I’m glad I paid extra for the upgrade to unlimited free popcorn refills. Techdirt and Ars Technica are reporting on the continuing saga of Righthaven’s “Schroedinger’s CEO” Steve Gibson and his attempt to hire more lawyers to continue litigating one of the cases the copyright troll infamously lost.

The Techdirt piece largely covers Gibson’s tortured arguments that the court-appointed receiver, Lara Pearson, lacks the authority to fire him. The reasoning seems to boil down to a bunch of legalese about the nature of limited liability companies. Gibson insists he does have the right to hire additional lawyers to argue an appeal, and feels that Pearson is not planning to put full effort into that appeal.

The Ars Technica piece goes into more detail about the case in question, and Gibson’s desire to argue the appeal. He feels that Righthaven’s arguments would prevail in an appeals court, reversing the damage of the initial judgments against it. He also claims that the lawyers are being paid for out of non-Righthaven-related assets.

I actually would like to see the issue Righthaven was arguing get appealed, and even go all the way up to the Supreme Court if possible—since the particular case is the one that would set a strong precedent expanding fair use, allowing the reposting of an entire article for nonprofit purposes. The higher a court reaffirms the decision, the broader precedent it will set.

Even if it doesn’t get that far, I think the whole Righthaven mess has nonetheless strengthened fair use overall, if only by making sure as many people rush to the opposite side of the bus from the copyright troll as possible. Nobody else wants to risk looking quite that ridiculous.


  1. Chris,
    I know that Righthaven is acting like a dog in the manger, and abusing copyright. BUT I think that the precedent that could be set here is extremely dangerous.

    Fair use is limited for a reason. And the right to control WHO reproduces your work, WHEN, WHERE and in WHAT CONTEXT is very important. The lack of a profit motive in the reproduction does not, ever, mean that there will be no damage to the profit-making ability of the rights holder. Nor does it mean that the reproduction isn’t going to be profoundly offensive to the rights holder.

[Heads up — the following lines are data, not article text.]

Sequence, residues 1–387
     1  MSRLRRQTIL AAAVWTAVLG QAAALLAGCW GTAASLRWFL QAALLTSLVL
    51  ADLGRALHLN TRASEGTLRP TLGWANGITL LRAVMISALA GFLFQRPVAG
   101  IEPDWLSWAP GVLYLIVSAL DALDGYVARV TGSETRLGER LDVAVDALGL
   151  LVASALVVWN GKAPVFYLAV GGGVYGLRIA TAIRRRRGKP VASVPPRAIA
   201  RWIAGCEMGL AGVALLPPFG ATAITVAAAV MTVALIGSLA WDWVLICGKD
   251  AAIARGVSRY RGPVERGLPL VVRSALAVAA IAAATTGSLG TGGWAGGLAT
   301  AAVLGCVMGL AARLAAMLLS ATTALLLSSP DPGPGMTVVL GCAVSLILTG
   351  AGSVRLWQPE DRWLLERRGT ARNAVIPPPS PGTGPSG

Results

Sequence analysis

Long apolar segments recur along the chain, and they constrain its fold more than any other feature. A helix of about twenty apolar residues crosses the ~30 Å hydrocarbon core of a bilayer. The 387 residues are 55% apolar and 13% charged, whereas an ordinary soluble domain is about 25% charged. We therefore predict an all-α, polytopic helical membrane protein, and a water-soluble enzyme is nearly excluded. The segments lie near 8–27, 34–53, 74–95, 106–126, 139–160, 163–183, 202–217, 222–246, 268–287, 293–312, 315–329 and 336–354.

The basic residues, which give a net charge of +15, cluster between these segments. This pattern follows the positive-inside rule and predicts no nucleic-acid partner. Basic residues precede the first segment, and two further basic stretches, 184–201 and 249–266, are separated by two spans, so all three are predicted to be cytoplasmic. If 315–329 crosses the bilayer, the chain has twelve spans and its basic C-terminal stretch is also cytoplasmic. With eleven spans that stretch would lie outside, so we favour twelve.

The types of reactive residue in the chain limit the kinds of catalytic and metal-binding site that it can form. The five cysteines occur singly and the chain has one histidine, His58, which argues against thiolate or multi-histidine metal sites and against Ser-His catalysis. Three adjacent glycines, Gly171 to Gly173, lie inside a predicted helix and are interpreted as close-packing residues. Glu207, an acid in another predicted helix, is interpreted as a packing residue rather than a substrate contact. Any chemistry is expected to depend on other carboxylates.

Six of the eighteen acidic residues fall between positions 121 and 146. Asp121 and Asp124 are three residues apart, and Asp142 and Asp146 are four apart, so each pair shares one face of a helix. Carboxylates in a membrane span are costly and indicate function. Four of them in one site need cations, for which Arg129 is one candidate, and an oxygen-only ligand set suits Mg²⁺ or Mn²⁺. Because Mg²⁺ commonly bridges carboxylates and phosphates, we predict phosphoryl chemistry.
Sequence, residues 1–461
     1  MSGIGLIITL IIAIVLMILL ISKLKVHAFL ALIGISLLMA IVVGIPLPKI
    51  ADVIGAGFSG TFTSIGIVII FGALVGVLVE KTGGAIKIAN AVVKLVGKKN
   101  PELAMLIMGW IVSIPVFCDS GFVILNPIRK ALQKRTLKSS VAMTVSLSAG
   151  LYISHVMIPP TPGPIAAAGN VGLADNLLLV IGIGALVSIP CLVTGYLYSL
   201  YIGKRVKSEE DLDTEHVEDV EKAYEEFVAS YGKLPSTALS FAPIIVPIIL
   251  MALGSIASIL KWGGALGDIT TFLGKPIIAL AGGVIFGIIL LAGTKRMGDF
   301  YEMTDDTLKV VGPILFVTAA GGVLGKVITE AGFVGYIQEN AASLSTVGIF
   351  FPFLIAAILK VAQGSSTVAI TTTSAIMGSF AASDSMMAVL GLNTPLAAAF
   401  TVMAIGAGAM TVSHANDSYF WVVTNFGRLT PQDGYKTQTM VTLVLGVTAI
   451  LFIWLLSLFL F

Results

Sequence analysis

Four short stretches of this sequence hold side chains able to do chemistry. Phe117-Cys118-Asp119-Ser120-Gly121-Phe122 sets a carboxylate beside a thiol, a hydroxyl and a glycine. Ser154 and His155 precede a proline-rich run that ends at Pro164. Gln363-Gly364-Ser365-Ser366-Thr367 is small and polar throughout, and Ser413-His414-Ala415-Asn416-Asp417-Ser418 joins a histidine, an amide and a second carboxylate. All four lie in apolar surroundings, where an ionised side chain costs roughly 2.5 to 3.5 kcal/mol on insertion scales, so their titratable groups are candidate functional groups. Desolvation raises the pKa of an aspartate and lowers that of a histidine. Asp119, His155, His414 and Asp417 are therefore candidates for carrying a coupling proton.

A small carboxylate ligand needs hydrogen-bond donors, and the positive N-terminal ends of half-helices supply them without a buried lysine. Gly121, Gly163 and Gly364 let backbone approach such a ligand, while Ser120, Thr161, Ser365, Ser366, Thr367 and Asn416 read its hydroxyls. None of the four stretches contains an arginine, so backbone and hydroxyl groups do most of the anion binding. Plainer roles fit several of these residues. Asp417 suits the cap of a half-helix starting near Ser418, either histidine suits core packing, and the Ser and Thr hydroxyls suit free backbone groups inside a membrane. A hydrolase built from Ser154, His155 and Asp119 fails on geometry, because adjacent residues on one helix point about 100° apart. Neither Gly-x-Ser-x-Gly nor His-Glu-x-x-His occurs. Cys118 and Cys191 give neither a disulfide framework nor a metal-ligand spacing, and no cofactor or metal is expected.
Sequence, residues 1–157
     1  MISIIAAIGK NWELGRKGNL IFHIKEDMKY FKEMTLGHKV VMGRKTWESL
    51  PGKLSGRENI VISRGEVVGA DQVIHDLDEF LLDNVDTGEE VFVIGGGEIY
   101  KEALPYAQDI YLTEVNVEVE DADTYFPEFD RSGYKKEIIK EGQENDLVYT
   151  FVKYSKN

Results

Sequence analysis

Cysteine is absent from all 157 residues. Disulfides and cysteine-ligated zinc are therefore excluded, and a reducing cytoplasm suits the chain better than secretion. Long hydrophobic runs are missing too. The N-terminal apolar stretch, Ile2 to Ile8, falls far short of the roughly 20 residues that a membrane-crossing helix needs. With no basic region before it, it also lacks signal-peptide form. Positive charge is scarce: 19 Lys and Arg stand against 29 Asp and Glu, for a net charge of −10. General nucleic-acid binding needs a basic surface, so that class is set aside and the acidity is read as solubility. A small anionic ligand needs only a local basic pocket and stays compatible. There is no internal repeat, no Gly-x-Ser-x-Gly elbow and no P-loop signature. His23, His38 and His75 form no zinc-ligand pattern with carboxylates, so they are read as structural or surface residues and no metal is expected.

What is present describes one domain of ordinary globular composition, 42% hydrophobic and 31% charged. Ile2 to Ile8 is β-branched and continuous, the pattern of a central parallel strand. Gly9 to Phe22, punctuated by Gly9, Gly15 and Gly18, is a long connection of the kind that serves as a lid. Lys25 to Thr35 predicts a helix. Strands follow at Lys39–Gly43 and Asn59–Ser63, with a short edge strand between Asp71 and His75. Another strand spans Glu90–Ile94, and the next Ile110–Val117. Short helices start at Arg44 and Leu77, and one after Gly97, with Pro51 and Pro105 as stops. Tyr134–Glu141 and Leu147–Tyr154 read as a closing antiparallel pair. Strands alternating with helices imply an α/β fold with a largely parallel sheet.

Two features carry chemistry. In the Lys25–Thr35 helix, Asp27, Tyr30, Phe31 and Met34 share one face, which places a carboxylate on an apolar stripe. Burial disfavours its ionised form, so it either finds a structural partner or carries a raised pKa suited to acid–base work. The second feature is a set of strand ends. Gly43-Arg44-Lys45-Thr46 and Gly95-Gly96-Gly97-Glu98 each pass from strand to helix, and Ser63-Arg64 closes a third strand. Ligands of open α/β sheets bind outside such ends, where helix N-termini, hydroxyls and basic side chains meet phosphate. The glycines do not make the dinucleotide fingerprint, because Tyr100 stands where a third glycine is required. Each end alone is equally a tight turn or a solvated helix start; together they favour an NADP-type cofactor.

Consider someone writing about their experience during the Holocaust. Imagine how appalling it would be if their work was taken, without permission, framed in a neo-Nazi propaganda piece, and given away at white supremacist rallies. No profit motive there. But a travesty anyway.

    Or consider someone of deeply conservative Islamic beliefs who wrote a poem of love of God, but whose words were used in a pornographic anthology.

    I’m sure you can think of dozens of other possibilities without strain.

    And what about someone who has an anthology of science writing or history or whatever being prepared, only to find that some non-profit is issuing all of the material on-line. It MIGHT increase awareness, interest and sales, but there are obviously situations where it might eviscerate sales. Shouldn’t the rights holder have the ability to decide whether and when that use will help or harm them?

    If we want to increase the use of rights, we need to expand the purview of organizations like the Copyright Clearance Center. That would make the micro-payments for micro-uses and clearing of permissions easy.

    And if money was likely to come from it, I suggest that it would mean that rights holders would keep their information current! It’s an easy solution to the orphan works problem.

    Remember, we can’t change the copyright system on our own. We have to move along with all the rest of the world. The Berne Convention was hard enough to get — changing it is practically impossible. But working within it to make our goals possible is far, far easier.

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